I say unwittingly first because it was the previous PSC administration of Harry Angping that came up with the brilliant idea of “selling” usage rights to de La Salle University (DLSU) in exchange for the university’s funding of the stadium’s rehabilitation. The rehabilitation under the Angping administration’s plan was to convert the track oval into a world-class football field at the expense of track and field. When the Garcia administration took over it found itself in a legal quagmire since there were unsettled matters in the contract between DLSU and Angping’s PSC. In a conversation with a DLSU sports official, I think La Salle got the raw end of the deal.
If the new PSC administration is giving priority to Philippine soccer, other sports will have to understand it in the same way we understand the privilege of basketball being the country’s premier sport. Soccer is now on the upsurge mainly because of the Azkal’s popularity. The PSC will have to give priority support for the game because the public wants it. The people of this country are showing popular fan-based support for the sport. It will be unfair of government not to give soccer priority support. Track and field is my passion but nationhood comes first. There is a need to support the popular swelling of soccer. If PSC gives it priority, for the good of the country, then so be it.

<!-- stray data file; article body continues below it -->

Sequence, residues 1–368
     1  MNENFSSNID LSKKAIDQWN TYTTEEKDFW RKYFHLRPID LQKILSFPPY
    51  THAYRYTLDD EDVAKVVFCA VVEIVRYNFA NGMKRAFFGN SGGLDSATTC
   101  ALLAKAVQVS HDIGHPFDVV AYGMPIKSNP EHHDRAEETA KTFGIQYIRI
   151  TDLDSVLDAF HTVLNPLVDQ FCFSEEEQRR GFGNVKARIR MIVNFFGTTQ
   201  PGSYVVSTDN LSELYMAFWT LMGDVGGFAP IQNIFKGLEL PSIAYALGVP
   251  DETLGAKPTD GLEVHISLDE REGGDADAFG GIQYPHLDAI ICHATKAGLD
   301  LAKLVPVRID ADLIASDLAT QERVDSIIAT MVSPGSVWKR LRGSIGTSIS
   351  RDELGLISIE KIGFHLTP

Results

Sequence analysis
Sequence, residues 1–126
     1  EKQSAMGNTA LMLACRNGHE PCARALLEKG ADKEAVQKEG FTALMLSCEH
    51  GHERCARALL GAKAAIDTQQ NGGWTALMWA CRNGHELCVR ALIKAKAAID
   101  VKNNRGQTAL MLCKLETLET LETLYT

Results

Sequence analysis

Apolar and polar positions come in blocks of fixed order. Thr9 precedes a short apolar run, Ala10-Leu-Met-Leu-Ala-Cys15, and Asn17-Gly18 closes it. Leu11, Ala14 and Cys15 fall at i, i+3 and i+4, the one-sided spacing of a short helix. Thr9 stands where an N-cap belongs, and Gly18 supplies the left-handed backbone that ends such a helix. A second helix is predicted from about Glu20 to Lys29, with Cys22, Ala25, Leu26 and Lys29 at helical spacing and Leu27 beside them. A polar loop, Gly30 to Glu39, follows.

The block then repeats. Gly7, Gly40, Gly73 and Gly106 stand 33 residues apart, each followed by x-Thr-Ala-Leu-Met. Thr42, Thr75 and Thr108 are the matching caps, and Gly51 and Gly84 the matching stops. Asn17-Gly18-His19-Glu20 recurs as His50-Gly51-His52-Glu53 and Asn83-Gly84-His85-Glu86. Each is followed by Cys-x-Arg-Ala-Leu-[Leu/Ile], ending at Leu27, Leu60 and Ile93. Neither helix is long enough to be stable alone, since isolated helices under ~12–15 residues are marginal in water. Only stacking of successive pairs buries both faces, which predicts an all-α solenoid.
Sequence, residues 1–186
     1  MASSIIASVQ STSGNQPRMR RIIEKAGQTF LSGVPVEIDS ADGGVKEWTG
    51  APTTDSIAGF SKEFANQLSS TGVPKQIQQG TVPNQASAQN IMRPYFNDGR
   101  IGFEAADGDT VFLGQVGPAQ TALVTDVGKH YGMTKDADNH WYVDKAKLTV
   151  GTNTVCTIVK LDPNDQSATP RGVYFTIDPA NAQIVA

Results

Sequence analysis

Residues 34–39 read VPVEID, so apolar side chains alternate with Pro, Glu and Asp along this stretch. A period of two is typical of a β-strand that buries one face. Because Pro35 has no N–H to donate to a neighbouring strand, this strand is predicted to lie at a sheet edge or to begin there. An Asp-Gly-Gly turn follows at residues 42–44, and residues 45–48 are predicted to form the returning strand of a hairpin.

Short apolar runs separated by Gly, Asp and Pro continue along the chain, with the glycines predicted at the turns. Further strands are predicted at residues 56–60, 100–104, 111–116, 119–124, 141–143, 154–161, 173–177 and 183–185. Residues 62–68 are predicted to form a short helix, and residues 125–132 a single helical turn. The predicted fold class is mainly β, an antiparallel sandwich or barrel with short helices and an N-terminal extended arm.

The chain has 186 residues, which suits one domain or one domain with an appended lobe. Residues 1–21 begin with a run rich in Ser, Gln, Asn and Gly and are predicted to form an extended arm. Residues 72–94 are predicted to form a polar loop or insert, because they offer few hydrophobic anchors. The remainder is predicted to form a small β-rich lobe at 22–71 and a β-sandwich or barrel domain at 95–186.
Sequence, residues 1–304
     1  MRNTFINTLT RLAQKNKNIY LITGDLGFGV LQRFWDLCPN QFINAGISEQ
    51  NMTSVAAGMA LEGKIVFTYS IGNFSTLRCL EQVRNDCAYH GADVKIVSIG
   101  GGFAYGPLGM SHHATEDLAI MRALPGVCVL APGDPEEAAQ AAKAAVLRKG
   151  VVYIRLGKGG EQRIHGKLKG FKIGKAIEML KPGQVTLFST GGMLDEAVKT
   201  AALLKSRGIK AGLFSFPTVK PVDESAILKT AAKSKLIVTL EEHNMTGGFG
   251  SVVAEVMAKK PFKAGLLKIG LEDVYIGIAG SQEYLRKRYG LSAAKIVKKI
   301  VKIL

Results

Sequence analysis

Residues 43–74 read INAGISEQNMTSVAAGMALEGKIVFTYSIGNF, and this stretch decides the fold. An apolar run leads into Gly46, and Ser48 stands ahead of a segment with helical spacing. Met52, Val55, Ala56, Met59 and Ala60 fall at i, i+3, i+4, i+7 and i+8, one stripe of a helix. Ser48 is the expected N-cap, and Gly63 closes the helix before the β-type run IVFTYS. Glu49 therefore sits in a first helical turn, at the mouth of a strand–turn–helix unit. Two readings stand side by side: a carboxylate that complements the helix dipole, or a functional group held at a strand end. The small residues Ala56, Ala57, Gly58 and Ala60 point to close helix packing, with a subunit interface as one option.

PSC may be “killing” track and field. Maybe the PATAFA president and his coaches are right for blaming the lack of government support. Maybe however, what is really happening is that it is simply a matter of kicking a dying horse. In a Pinoymiler post- https://pinoymiler.wordpress.com/2011/11/20/its-not-the-worst/ you will see that in 1983 and 1985 we won 11 and 10 SEAG gold medals respectively during the Gintong Alay era. From 1987 to 1999 in seven SEAG meets we won an average of 5 Gold medals. This is the Go Teng Kok era already. An upswing came to an average of 7 gold medals from 2003 – 2009 in 4 SEAG meets. Then we won only 2 Gold medals this year, thanks to the splendid performances of Maristela Torres and Rene Herrera. They saved the day.